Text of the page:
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Tax Implications of moving an asset from personal property to an LLC
A rental real estate property is owned jointly by a married couple. For liability protection, the asset will be moved to an LLC. What are the tax implications of this move?
It is a very good idea to get commercial/rental real estate out of your personal name and into an entity such as an LLC (many people used limited partnerships in the days before LLCs became more widely used).
There might be some tax implications, so I suggest you speak with an accountant.
The biggest issue you will have in moving the property to a limited liability company is if the property has a mortgage.
Your mortgage holder is unlikely to simply permit you to quitclaim deed the property over to the LLC. Instead, you’re going to have to work with the lender to either refinance the property or otherwise elect not to exercise the due-on-sale clause in your mortgage.
I have a LLC for snowplow removal but no expenses
(XXXX@sbcglobal.net (email changed for your privacy and protection from spammers))
I have a LLC for snowplow removal but no expenses. My friend own a snowplowing business in which I help him. I have opened my own LLC and he pays the company not me but I drive his vehicle and he pays for all repairs and gas. The only thing I have had to purchase is $300.00 worth of insurance. I have a couple questions:
1. I know I have to deposit all the money into a separate account in the LLC’s name, but how can I withdraw money to pay myself?
2. Are you taxed on money that is withdrawn for personal use?
1. Write yourself a check from the LLC’s bank account.
2. Assuming that the LLC is taxed as a disregarded entity or partnership, you are taxed on the LLC’s net profits–revenues minus expenses.
As you can see from the above equation, the way to lower your taxes is to claim as many expenses from the LLC as you legally can.
It doesn’t matter for tax purposes how much you withdraw.
For some tips on reducing your taxes, I’d recommend taking a look at BasicAccountingHelp.com.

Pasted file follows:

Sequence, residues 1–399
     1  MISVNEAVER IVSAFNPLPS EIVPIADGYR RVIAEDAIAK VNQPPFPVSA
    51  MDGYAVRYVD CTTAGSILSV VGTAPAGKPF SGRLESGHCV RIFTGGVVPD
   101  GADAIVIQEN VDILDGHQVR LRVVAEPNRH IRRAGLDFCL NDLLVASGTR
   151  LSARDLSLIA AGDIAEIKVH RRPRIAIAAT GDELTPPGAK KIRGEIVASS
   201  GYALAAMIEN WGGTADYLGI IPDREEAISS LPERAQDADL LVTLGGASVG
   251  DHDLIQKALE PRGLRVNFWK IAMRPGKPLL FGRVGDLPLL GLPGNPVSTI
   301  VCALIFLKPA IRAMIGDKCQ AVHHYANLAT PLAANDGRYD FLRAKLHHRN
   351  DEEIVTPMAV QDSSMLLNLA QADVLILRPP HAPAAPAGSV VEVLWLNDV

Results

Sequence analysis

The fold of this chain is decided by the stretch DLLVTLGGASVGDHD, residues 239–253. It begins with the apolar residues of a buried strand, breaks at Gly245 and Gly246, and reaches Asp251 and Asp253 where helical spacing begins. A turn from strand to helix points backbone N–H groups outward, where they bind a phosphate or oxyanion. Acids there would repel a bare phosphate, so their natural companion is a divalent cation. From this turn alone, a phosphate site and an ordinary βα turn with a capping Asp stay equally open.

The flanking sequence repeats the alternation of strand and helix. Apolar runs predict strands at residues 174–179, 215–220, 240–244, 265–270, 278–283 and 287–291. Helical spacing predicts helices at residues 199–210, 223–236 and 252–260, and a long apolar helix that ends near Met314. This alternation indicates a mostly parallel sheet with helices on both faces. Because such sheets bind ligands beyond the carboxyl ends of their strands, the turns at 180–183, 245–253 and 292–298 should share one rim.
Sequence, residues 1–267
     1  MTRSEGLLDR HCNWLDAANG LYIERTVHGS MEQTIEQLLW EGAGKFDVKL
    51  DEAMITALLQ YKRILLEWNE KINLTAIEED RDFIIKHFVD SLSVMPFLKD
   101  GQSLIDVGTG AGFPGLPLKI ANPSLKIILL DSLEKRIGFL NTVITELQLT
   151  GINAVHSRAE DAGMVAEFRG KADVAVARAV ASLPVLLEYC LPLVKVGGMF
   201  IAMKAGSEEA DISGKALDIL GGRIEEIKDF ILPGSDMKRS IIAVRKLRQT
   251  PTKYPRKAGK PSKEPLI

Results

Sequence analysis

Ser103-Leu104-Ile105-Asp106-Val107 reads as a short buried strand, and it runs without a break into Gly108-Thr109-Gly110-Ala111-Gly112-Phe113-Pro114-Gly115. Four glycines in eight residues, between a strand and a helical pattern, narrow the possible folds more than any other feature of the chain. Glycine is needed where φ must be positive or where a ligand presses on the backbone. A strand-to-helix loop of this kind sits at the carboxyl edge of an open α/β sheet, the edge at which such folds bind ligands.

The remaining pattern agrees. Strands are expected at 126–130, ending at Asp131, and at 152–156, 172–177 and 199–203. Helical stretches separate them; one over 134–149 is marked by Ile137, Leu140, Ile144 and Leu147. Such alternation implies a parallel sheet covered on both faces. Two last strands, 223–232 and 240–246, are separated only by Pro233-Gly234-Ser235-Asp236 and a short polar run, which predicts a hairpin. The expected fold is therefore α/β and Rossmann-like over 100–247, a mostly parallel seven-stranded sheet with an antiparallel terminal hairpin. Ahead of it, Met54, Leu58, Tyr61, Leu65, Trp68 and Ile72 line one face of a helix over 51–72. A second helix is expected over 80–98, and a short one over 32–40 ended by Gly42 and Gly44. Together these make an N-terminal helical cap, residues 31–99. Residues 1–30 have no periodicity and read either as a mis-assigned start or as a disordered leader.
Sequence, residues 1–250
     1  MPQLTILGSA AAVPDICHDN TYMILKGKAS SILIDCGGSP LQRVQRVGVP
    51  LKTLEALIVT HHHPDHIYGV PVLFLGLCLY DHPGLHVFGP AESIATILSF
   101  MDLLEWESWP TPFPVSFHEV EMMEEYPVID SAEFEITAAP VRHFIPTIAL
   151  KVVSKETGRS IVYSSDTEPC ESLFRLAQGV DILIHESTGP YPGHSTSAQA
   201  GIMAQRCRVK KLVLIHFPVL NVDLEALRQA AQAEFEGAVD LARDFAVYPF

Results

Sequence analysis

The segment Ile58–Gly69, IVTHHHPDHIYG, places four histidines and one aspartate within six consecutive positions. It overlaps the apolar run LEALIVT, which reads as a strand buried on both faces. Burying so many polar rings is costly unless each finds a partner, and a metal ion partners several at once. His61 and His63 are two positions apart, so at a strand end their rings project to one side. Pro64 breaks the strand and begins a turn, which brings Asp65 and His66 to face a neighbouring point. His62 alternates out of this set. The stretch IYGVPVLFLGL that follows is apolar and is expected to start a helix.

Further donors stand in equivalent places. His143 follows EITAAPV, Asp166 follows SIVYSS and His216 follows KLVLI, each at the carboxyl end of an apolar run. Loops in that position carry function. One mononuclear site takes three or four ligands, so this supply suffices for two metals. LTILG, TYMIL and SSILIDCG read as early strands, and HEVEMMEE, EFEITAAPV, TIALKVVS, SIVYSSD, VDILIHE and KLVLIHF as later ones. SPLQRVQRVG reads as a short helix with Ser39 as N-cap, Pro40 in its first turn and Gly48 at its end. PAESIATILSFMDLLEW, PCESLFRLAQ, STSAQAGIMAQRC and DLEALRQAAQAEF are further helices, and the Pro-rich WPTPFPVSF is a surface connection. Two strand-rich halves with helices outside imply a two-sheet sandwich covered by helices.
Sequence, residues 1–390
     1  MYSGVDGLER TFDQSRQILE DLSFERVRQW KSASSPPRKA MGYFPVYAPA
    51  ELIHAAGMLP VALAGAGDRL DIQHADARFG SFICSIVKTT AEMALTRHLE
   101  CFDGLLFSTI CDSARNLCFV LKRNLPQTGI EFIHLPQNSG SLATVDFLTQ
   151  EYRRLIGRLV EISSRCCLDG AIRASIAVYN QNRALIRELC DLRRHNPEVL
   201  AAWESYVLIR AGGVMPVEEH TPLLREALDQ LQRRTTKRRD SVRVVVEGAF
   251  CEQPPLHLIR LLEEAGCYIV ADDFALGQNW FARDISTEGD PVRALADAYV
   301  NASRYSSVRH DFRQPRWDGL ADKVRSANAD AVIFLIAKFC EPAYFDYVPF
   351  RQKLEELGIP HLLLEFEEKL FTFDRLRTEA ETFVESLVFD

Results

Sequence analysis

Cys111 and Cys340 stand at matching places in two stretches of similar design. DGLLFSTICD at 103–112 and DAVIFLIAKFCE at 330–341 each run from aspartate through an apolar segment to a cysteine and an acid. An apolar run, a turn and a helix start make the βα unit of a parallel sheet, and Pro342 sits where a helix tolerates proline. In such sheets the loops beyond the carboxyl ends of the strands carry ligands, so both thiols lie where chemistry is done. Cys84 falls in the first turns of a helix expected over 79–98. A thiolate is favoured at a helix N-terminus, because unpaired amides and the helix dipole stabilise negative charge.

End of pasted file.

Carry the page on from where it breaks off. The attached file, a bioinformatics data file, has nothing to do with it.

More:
Another way to “learn” the tax code, in a practical sense, is to use small business tax preparation software, such as TurboTax Online for LLCs
TurboTax takes you through a simple question and answer format about your business income, expenses, structure and so forth. From the questions and help guide, you’ll see which expenses are deductible, and how to take the deductions and lower your taxes.
Can I use my LLC as a deduction for my personal income?
Can I use my LLC as a deduction for my personal income taxes, and if so how do I?
Assuming that your LLC is taxed as a partnership or sole proprietorship, then any losses from the LLC are recorded on your personal form 1040 tax return.
These losses are deducted against your taxable income and therefore should reduce your tax liability.
If the LLC is taxed as a sole proprietorship (e.g. a single member LLC), your LLC’s business income and expenses are recorded on Schedule C of your 1040. If it’s a loss, you have a negative number, which brings down your overall taxable income.
You’ll find the reference to Schedule C on line 12 of your 1040.
If the LLC is taxed as a partnership (e.g. a multi-member LLC), then the LLC will file a Form 1065 Partnership Tax return. Each member will be issued a Form K-1 showing the profit or loss attributable to each member.
The profit or loss from your K-1 will either increase or decrease your taxable income on your Form 1040.
What deductions can be taken under an LLC
What deductions can I take for my LLC business?
Every expense that is “ordinary” and “necessary” to your business should be deducted from your business revenues in order to arrive at your business’s profits.
If you bought it for your business (and it was a legitimate expense), then it should be reported as an expense.
That means everything from rent paid for your store, to web hosting fees, bank fees, wages to employees (including payments to independent contractors), postage, business mileage, etc.
What portion of commission deductions/withholdings are business expense for LLC?
LLC sole owner gets commission from insurance co. as agent. Deductions/withholdings include:
1/2 of self employment Social Security/Medicare (insurance co. picks up the rest)
“Service” charge from insurance co.
Disability insurance premium
Errors & Omissions insurance premium
Which of these can the owner deduct as a business expense?